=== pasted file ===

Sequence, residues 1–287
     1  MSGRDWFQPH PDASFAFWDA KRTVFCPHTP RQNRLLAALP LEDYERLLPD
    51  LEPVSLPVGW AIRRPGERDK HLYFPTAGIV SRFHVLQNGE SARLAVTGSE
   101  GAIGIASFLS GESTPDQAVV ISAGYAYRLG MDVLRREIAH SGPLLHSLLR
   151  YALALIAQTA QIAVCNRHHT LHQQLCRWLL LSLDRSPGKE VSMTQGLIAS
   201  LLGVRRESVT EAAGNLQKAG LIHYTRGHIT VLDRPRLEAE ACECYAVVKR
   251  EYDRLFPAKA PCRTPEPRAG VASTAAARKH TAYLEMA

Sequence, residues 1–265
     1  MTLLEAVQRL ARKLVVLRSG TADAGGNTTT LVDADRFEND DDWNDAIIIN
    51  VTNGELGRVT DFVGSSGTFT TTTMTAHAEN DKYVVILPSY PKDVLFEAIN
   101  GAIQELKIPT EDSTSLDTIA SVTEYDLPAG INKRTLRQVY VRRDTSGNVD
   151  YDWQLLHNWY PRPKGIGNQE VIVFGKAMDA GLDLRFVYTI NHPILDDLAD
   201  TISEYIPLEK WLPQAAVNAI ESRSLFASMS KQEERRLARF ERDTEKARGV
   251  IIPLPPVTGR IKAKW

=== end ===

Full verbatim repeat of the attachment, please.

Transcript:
Sequence, residues 1–287
     1  MSGRDWFQPH PDASFAFWDA KRTVFCPHTP RQNRLLAALP LEDYERLLPD
    51  LEPVSLPVGW AIRRPGERDK HLYFPTAGIV SRFHVLQNGE SARLAVTGSE
   101  GAIGIASFLS GESTPDQAVV ISAGYAYRLG MDVLRREIAH SGPLLHSLLR
   151  YALALIAQTA QIAVCNRHHT LHQQLCRWLL LSLDRSPGKE VSMTQGLIAS
   201  LLGVRRESVT EAAGNLQKAG LIHYTRGHIT VLDRPRLEAE ACECYAVVKR
   251  EYDRLFPAKA PCRTPEPRAG VASTAAARKH TAYLEMA

Sequence, residues 1–265
     1  MTLLEAVQRL ARKLVVLRSG TADAGGNTTT LVDADRFEND DDWNDAIIIN
    51  VTNGELGRVT DFVGSSGTFT TTTMTAHAEN DKYVVILPSY PKDVLFEAIN
   101  GAIQELKIPT EDSTSLDTIA SVTEYDLPAG INKRTLRQVY VRRDTSGNVD
   151  YDWQLLHNWY PRPKGIGNQE VIVFGKAMDA GLDLRFVYTI NHPILDDLAD
   201  TISEYIPLEK WLPQAAVNAI ESRSLFASMS KQEERRLARF ERDTEKARGV
   251  IIPLPPVTGR IKAKW